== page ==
The Authority of Deontic Constraints

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Date
2013-08-29
Authors
Ross, Andrew
Keyword
Constraints , Authority , Contractualism , Deontology
Abstract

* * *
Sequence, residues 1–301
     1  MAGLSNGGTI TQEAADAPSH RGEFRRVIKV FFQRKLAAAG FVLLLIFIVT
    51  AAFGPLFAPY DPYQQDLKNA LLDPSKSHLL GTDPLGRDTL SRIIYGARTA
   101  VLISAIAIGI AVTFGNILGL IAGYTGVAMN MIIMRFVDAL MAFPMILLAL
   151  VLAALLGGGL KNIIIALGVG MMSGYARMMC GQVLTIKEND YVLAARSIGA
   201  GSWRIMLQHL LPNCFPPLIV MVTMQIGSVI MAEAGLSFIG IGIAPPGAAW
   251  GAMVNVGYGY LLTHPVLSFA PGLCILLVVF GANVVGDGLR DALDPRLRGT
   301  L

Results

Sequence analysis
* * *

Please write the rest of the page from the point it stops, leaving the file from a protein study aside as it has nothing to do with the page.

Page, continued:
Non-consequentialists agree that Luke may not kill Lorelai in order to prevent Kirk from killing Richard and Emily. According to this view, Luke faces a deontic constraint: he is forbidden from killing Lorelai, even though doing so will bring about fewer killings overall. The justification of constraints, in my view, faces two challenges. First, constraints must meet the Irrationality Challenge: it needs to be demonstrated that there is nothing inconsistent about the claim that Luke should allow more killings to come about. And, secondly, a successful explanation of constraints must meet the Authority Challenge: we need to know why Luke’s reason not to kill Lorelai is normatively categorical. This dissertation takes up different aspects of Authority Challenge. The first introductory chapter aims to motivate the question of authority as a pressing challenge to non-consequentialism. I argue that the violation of constraints is not just motivated by the thought that they are rationally inconsistent, but by the claim that their intuitive importance cannot be explained. Chapters two and three take up the connection between the authority of constraints and their interpersonal character. In chapter two, I argue that Stephen Darwall’s account of the second-person standpoint cannot yield an account of constraints that satisfies the Authority Challenge and that T.M. Scanlon’s contractualism offers us a better way of accounting for the interpersonal significance of constraints. Chapter three argues that Frances Kamm’s inviolability approach cannot be reconciled with the intuitive distinction between acting wrongly and wronging someone. The arguments of this chapter are meant to demonstrate that in order for wronging to carry any normative significance, it must play a foundational role in our account of permissibility. The fourth chapter argues that Moderate deontologists—those who posit a threshold on the killing of the innocent—cannot make sense of the intuitive authority of deontic constraints. The failure of Moderate deontology, I argue, reveals the overlooked appeal of Absolutism. The fifth chapter argues that the authority of restrictions extends to a prohibition on killing non-responsible threats. I argue that a prohibition on killing non-responsible threats accords with the demands of fairness.
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